As Wildfires Change the American West, Social Inequity Persists in Public Response

A pair of working papers finds that high-value homes and whiter, more educated, and wealthier communities receive disproportionate resources during and after a wildfire.


Dec. 16, 2020

News Type

Press Release

A new pair of working papers by Resources for the Future (RFF) finds that white, educated, and wealthy communities in the western United States tend to receive disproportionate protection against wildfires. The research, coauthored by RFF Fellow Matthew Wibbenmeyer, paints a picture of inequalities in wildfire management and illustrates how groups with heightened access to decisionmakers receive a greater portion of the public good.

“In the heat of the moment, fire managers have to make tough decisions that will change people’s lives,” Wibbenmeyer said. “In choosing how to deploy fire suppression resources, they tend to face a variety of pressure from politicians and influential community members. In a similar vein, well-off communities are able to advocate for themselves more effectively than historically marginalized communities to receive the means to prevent future fires.”

While evidence from previous studies indicates that a fire’s proximity to homes is a key predictor of suppression costs, few studies have evaluated priorities across areas threatened by fire. The first paper, “Priorities and Effectiveness in Wildfire Management: Evidence from Fire Spread in the Western US,” examines the allocation of fire suppression effort by comparing historical wildfire perimeters to the spatial pattern of threatened resources (especially homes) on the landscape. The paper finds that fire management agencies are more likely to protect high-value homes during a fire.

Some other key findings:

  • Fires are more likely to stop spreading as they approach homes, with the likelihood increasing with the number, and especially the value of, homes. The model finds weak evidence that managers preferentially protect wealthy neighborhoods.
  • Fire spread is 16 percent more likely to be halted when a fire is approaching a typical inhabited area. However, when the average value of properties in the fire’s path increases from $200,000 to $400,000, the probability of suppression increases by another 6.2 percent.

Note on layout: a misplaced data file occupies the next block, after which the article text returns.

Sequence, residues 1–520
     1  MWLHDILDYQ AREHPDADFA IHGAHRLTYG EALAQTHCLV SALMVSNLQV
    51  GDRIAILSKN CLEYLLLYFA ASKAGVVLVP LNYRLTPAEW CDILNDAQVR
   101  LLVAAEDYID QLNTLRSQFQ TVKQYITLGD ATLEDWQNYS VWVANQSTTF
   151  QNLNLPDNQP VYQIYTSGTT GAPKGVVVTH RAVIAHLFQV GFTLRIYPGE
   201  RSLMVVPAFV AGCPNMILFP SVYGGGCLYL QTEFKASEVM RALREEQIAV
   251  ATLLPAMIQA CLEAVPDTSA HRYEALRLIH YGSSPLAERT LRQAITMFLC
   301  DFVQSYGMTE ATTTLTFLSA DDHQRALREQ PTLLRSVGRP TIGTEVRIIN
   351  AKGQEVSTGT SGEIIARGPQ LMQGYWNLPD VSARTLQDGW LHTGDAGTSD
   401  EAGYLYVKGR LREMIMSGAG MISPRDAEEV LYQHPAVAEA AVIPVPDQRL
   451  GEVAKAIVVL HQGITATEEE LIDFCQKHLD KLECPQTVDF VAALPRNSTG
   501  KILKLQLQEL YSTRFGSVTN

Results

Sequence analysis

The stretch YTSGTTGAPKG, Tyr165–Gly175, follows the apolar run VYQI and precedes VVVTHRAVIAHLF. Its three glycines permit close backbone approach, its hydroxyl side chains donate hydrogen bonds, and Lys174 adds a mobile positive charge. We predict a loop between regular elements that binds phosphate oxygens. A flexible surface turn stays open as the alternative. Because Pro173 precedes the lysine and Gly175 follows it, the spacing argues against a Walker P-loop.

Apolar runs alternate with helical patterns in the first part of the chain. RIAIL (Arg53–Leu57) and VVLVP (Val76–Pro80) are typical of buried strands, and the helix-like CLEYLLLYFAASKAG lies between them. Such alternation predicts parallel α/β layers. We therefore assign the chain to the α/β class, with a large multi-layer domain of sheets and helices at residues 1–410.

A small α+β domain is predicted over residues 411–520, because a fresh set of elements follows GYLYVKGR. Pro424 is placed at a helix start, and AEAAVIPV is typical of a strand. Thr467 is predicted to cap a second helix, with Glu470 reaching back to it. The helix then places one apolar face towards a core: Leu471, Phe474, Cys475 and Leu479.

The second paper, “Inequality in Agency Responsiveness: Evidence from Salient Wildfire Events,” is a first-of-its-kind study that examines the efforts federal agencies undertake in the aftermath of a fire. Wibbenmeyer and coauthors find that following fires, agencies increase prescribed burns and thinning of risky vegetation projects only near affected communities with high socioeconomic status.

This paper’s findings are consistent with other studies showing that communities with high socioeconomic status receive a larger portion of limited federal budgets, partially because these communities can effectively pressure governments to meet demands.

Other key findings:

  • Nearby fires increase the rates of fuel treatment in communities with a relatively high percentage of high-income, well-educated, and white residents. Fuel treatments reduce fire intensity and lessen damage from future fires.
  • Prior research shows that communities with more white, non-Hispanic residents are better able to mobilize, which suggests that additional resources provided by government agencies may be at least partially a function of community mobilization, not just biased decisionmakers.

“As climate change increases wildfire activity in the western United States, the allocation of wildfire management resources becomes all the more important to consider,” Wibbenmeyer said. “Going forward, this research may inform decisionmakers’ assessments of solutions that provide all communities with the resources they need for our changing future.”

To learn more about manager response during fires, read, “Priorities and Effectiveness in Wildfire Management: Evidence from Fire Spread in the Western US,” by Andrew J. Plantinga of the University of California, Santa Barbara (UCSB); Randall Walsh from the University of Pittsburgh; and RFF Fellow Matthew Wibbenmeyer. For federal agency response after wildfires, read “Inequality in Agency Responsiveness: Evidence from Salient Wildfire Events” by Wibbenmeyer, Plantinga, and Sarah Anderson of UCSB.

Resources for the Future (RFF) is an independent, nonprofit research institution in Washington, DC. Its mission is to improve environmental, energy, and natural resource decisions through impartial economic research and policy engagement. RFF is committed to being the most widely trusted source of research insights and policy solutions leading to a healthy environment and a thriving economy.

Unless otherwise stated, the views expressed here are those of the individual authors and may differ from those of other RFF experts, its officers, or its directors. RFF does not take positions on specific legislative proposals.

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